The story of a forgotten Irish emigrant: ‘He died with nothing’

The top stories from Irish Abroad this week

Joseph Tuohy: his story echoes those of other emigrants who went to England and lost their way.

Joseph Tuohy: his story echoes those of other emigrants who went to England and lost their way.

 

The story of forgotten Irish emigrant Joseph Tuohy touched the heart of many of our readers in Ireland and abroad this week. The article, written by Jennifer O’Connell, explains that in 1941, aged five, Mr Tuohy was forcibly separated from his mother – a single parent in the Irish midlands. He died alone in London in July, his life blighted by that traumatic childhood event. People have come together to arrange Mr Tuohy’s funeral, which will to take place in Dublin this Friday. You can read the full story here.

Our most read story today is from Gavin Brennan, from Co Mayo, who has written about the challenges and rewards of running in Vietnam: “I swapped those leafy suburbs of Dublin for the smoggy and traffic-congested suburbs of Vietnam’s capital,” he says. “ Hanoi is worst place in the world to run. But I grew to love it.” Irish parents responded from around the world to share their experience of accessing childcare where they live. “I took 12 months paid parental leave, my husband took six months ... childcare is €90 per month ages three to six but child allowance is €130,” says one mother who lives in Sweden. The article was in response to recent research that showed Ireland’s childcare supports compare very poorly with many other countries.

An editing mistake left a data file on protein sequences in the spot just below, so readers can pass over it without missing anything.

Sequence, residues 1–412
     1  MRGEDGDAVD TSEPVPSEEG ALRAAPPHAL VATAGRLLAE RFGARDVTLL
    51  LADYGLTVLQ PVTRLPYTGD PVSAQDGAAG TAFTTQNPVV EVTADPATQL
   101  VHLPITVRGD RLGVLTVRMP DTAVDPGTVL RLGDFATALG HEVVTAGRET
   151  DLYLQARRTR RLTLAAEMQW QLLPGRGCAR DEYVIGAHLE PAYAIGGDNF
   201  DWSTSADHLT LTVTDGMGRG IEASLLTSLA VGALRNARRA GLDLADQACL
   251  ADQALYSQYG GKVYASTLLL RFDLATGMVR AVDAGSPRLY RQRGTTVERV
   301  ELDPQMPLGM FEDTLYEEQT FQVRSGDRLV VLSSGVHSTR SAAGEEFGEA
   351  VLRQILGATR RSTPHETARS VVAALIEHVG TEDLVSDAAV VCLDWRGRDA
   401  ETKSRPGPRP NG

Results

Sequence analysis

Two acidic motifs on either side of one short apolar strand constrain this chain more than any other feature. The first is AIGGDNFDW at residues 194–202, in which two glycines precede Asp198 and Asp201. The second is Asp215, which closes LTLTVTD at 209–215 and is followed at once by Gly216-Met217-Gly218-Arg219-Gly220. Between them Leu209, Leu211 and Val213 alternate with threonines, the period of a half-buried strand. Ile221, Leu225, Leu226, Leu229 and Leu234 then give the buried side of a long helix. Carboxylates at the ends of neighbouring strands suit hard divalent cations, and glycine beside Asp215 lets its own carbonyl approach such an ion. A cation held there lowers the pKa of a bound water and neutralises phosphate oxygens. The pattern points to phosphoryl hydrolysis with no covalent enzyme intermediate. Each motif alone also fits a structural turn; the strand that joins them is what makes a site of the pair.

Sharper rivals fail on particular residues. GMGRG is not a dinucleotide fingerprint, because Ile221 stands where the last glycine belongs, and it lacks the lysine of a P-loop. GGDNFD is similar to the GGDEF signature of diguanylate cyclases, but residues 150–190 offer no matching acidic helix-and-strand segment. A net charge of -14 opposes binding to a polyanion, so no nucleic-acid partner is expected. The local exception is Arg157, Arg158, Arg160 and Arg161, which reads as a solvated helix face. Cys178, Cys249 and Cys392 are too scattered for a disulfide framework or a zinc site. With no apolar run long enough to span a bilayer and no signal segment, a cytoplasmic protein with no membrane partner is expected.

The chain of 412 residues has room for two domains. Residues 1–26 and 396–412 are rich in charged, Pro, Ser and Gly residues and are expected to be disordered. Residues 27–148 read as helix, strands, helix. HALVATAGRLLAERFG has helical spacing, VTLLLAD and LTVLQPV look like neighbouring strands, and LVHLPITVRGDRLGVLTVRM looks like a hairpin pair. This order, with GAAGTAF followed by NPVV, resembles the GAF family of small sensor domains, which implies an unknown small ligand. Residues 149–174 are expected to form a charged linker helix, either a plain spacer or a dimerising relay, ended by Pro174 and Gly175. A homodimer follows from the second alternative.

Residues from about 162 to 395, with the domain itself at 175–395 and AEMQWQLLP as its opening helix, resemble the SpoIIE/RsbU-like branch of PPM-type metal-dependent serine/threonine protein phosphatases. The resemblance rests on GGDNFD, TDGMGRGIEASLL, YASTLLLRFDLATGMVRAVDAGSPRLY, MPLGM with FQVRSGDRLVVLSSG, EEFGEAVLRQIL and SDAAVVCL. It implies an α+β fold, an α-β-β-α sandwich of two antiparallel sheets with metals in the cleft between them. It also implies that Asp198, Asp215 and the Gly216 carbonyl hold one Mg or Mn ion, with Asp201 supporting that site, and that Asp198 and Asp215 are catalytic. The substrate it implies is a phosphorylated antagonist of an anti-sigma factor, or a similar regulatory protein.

Japan is undergoing an invasion of green from Irish supporters as the Rugby World Cup kicked off last week. Andrew McCarthy wrote about his rugby experience in Yokohama over the weekend: “I found myself singing Molly Malone with a Japanese Irish band on the main street of one of Japan’s biggest cities” and Anthea McTeirnan shared the 13 coolest things to see and do when visiting the country. Our Extraordinary Emigrants article this week from Nathan Mannion is about Barry Fitzgerald, who went from being a civil servant in Dublin to one of Ireland’s first Hollywood stars: “Not only did he cause an upset by being nominated in both the Best Actor and Best Supporting Actor (he won in the latter category), he also managed to decapitate his Oscar statuette with a golf club not long afterwards.”

If you would like to contribute by writing your own story, answering a Working Abroad Q&A or sharing your insider’s guide to the city where you live for the Welcome To My Place column, you can contact abroad@irishtimes.com.

You’ll find plenty more stories by and about the Irish diaspora on irishtimes.com/abroad.

To receive this digest to your inbox each week, you can join the free Irish Times Abroad Network here.

Thank you for reading.

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